Progress in Brazil

Brazil’s new civilian government took two firm steps this week. One will help promote democracy after 20 years of military rule. The other begins the hard process of dealing with a severe economic crisis.

The first was President Jose Sarney’s decision to ask Brazil’s Congress to amend the nation’s constitution so that future presidents can be elected by the people rather than by an electoral college. Sarney’s request followed through on a campaign pledge made by Tancredo Neves, the popular president-elect who died last month before he could be inaugurated.

At the insistence of Brazil’s former military government, both Neves and Sarney were elected by Congress rather than by popular vote. The decision caused considerable political unrest at the time, including massive street protests in the country’s largest cities. Neves was able to calm that unhappiness by promising direct elections once he took office, and by agreeing to shorten his own presidential term from six to four years. An initial version of Sarney’s amendment was overwhelmingly approved by Brazil’s Congress on Thursday.

Sarney will need that political good will once the people start feeling the results of his second important decision--to impose a tough austerity program.


That move was announced by Finance Minister Francisco Dornelles, a young economist with a reputation as a no-nonsense technocrat. Before he left for New York to renegotiate the country’s $100-billion foreign debt with the International Monetary Fund, Dornelles told Congress that deep cuts will be made in government spending in order to reduce a budget deficit of $17 billion. He insisted that such austerity is the way to reduce Brazil’s runaway inflation, which reached an annual rate of 227% last month.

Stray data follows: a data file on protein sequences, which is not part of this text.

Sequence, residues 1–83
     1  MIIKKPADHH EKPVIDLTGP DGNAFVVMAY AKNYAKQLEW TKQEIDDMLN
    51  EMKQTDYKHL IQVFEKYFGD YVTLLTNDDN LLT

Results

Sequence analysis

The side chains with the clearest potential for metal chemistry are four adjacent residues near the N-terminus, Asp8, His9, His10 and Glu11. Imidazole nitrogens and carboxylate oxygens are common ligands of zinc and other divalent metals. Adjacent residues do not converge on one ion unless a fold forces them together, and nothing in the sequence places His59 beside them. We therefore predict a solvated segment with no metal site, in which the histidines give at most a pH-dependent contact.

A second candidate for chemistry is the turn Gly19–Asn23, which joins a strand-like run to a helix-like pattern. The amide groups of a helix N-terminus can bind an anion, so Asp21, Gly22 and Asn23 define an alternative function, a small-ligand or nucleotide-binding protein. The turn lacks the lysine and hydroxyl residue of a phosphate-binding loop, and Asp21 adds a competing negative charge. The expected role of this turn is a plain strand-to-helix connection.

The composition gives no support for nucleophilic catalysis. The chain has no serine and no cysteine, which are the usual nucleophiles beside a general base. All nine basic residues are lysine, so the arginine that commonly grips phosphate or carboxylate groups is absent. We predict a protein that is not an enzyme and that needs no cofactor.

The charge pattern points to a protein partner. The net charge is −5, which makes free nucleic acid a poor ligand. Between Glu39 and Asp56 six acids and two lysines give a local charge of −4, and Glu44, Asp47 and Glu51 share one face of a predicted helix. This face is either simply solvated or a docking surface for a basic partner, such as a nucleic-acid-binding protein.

Dornelles’ speech will be reassuring to officials of the monetary fund and of the 600 banks that are Brazil’s creditors. But they should note that the finance minister also said that he will seek “more realistic” economic goals for the country in his meetings with them. In the last months of military rule, government officials would sign International Monetary Fund agreements setting goals for controlling inflation, increasing exports and reducing deficits that they knew could not be achieved, then use those agreements to convince commercial banks to refinance the debt. Dornelles said that this cynical practice must stop--a sign that he and other Brazilian officials are now willing to face the reality of their difficult economic situation.

In exchange for such honesty and discipline, the banks must be willing to grant Brazil the financial flexibility that it needs to keep its economy viable while paying off the debt.